EDIT: Employer obligations for April 1st has been extended to July 1st in response to the coronavirus pandemic.
The Balanced Labour Market Law (Wet Arbeidsmarkt in Balans (WAB)) rolled out in the Netherlands and presents several important changes to Dutch Labour Law of particular interest to employers.
The objective of this act is to bridge the equality gap between flexible and fixed workers. However, employers of either type of worker will be required to take some action this year in order to comply.
In this article, we will briefly compare the laws of last year with the new laws introduced by the Balanced Labour Market Act. This is an incomplete overview of the most relevant changes for employers. For a complete list, and more details about each change we suggest you check out the official statements (in Dutch). For guidance or more specific help about how this act will impact your business, get in touch with one of our experts.
Overview of Changes in 2020
Unemployment premiums for indefinite contracts
As an employer in the Netherlands, you are required to contribute to the unemployment scheme of your employees via the tax paid on their salaries. Your contribution varies per employee contract.
2019 – You pay the same unemployment premium regardless of the temporary/permanent status of the employee
2020 – You will pay a 5% lower unemployment premium on salaries for permanent employees versus temporary employees.
Employers have until April 1, 2020 to take advantage of this change for this year. For example, if you would like to convert a fixed-term contract for an employee into an indefinite contract in order to pay the lower unemployment premium, you must indicate the change in contract pre-dated January 1, 2020 and then provide this information before April 1st. Otherwise, you will still owe the higher premium retroactively from Jan 1, 2020.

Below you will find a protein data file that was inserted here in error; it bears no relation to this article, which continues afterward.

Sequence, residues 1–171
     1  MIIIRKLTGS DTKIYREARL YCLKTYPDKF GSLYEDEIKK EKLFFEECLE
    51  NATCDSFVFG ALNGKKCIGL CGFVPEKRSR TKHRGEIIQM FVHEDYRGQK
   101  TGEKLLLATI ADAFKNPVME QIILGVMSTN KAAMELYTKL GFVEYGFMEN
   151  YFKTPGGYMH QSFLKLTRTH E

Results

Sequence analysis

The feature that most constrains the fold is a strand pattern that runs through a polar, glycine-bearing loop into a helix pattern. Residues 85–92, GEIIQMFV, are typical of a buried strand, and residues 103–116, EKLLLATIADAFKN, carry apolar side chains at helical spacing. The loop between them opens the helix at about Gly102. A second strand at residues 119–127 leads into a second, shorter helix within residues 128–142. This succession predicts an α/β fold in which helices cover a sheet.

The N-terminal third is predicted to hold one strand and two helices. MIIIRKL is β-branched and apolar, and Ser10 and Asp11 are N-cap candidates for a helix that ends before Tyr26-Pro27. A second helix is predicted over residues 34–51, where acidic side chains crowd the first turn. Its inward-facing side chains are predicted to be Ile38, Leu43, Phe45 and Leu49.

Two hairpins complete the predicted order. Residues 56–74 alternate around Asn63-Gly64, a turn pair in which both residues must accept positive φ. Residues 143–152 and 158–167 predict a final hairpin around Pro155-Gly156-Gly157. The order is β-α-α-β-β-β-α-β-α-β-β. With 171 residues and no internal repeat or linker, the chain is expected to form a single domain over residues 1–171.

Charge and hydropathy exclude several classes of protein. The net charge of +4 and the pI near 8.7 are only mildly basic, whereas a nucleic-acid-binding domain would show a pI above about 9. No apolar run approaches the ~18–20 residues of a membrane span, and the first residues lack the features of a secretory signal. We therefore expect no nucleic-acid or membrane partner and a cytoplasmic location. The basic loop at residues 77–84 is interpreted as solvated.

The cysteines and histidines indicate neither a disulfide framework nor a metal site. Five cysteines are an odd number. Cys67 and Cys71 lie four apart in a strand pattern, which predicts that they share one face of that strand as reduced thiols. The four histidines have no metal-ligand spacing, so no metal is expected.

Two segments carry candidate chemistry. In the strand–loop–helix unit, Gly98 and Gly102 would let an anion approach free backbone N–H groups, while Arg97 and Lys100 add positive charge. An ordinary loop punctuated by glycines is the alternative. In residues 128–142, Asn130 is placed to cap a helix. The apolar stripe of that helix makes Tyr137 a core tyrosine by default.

Read more here (in Dutch).
There are two standard forms of flexible contracts in the Netherlands. These contracts (nulurencontract and min-maxcontract) apply to employees who are paid a wage based on the number of hours you request from them. Keep in mind that there may be exceptions to the laws below if your business works with a CAO.
2019 – Employees will come in to work at your request – there is no required period of notice you are obliged to observe.
2020 – Employers are obliged to give employees 4 days of notice to come into work. If you provide less notice than this, your employee will not be required to heed the call. If the employee is called up, but you then cancel their hours within less than 4 days of notice, your employee will be entitled to the wage of that period.
After your on-call employee has worked for you for at least one year, you must start offering a fixed number of hours that are greater than or equal to the average number of hours the employee worked in the previous year. This also applies to employees with a min/max contract.
Read more here (in Dutch).
Expanding Chain System